How to ease a heavy loaded Nagios server.

A usually Nagios setup is consisted in only one server that does all the checks by itself. In the moment that server arrives at 2000 checks or more (and especially if you configure the ndoutils on that server) you will see the processor going wild. At this point it’s time for a change.

So let’s go on debug: What processes eat the most of your system resources?

Once you have indentified the guilty parts it’s time to attack – “divide et impera”.

Let’s see the options:

– See the tuning section in the Nagios documentation (http://nagios.sourceforge.net/docs/3_0/tuning.html)

– Do not install fancy web plug-ins for your Nagios web server (for example NEXSM)

– Set a bigger check interval will help (for example setting 15 instead of 5 minutes can drop you’re processor usage from 5.xx to 3.xx)

– In Nagios 2 users reported that in case of lots of persistent comments the status.dat file kept filling up thus creating a page render problem.

– Think about passing to the plug-in check_mk which gets all the checks in one request (http://mathias-kettner.de/check_mk)

– NSCA: “Allows you to submit passive service checks results to another server on the network that is running Nagios” – I think is complicated to set up and it requires yet another Nagios install (here is the doc link http://nagios.sourceforge.net/download/contrib/documentation/misc/NSCA_Setup.pdf)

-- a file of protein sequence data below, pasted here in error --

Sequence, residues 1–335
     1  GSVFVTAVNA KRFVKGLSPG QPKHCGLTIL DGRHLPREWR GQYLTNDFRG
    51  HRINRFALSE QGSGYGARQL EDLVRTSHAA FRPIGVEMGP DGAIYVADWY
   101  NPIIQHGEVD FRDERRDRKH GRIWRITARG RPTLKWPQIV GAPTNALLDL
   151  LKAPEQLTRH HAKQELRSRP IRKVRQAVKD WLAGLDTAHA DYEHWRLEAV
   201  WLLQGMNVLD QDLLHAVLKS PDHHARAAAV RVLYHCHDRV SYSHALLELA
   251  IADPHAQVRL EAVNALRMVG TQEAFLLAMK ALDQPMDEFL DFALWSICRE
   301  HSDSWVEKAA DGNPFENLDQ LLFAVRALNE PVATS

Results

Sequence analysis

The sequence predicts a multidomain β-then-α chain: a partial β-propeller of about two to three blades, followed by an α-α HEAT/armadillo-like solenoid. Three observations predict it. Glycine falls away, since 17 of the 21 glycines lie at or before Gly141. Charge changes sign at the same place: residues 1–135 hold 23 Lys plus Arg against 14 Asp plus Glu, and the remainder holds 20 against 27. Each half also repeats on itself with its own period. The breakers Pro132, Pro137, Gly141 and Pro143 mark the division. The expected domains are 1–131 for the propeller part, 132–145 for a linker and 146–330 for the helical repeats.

– The DNX project – an interesting approach to the flexible Nagios architecture by making worker nodes that get jobs from the Nagios central server (http://dnx.sourceforge.net/ and http://dnx.sourceforge.net/DNX_Workflow.pdf)

– Try to set up roles in you’re monitoring set-up by giving NRPE agents specific tasks (ex: one machine to check the SNMP services, one to check the Linux services, etc.).

Personally, I would test the last two options because, depending of you’re environment, you could choose between the more flexible check system with DNX or the more specific one of specialized NRPE agents.

What about you? What are you’re solutions?

Leave a comment with you’re personal experience.

Thanks,

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2 thoughts on “How to ease a heavy loaded Nagios server.

  1. shulato

    i have a vps, should i install nagios in a different server to lessen the load of the vps? because i would like to monitor my vps and use nagios.

    Reply
    1. Mihai

      Depends on how many hosts you intend to monitor. Generally speaking a well tweaked Nagios installation does not consumes high resources. To give you an example for a 200-300 hosts with almost 3000 checks the Nagios machine will eat as high as 1.5 GHz and as much as 2 GB of RAM.

      Reply

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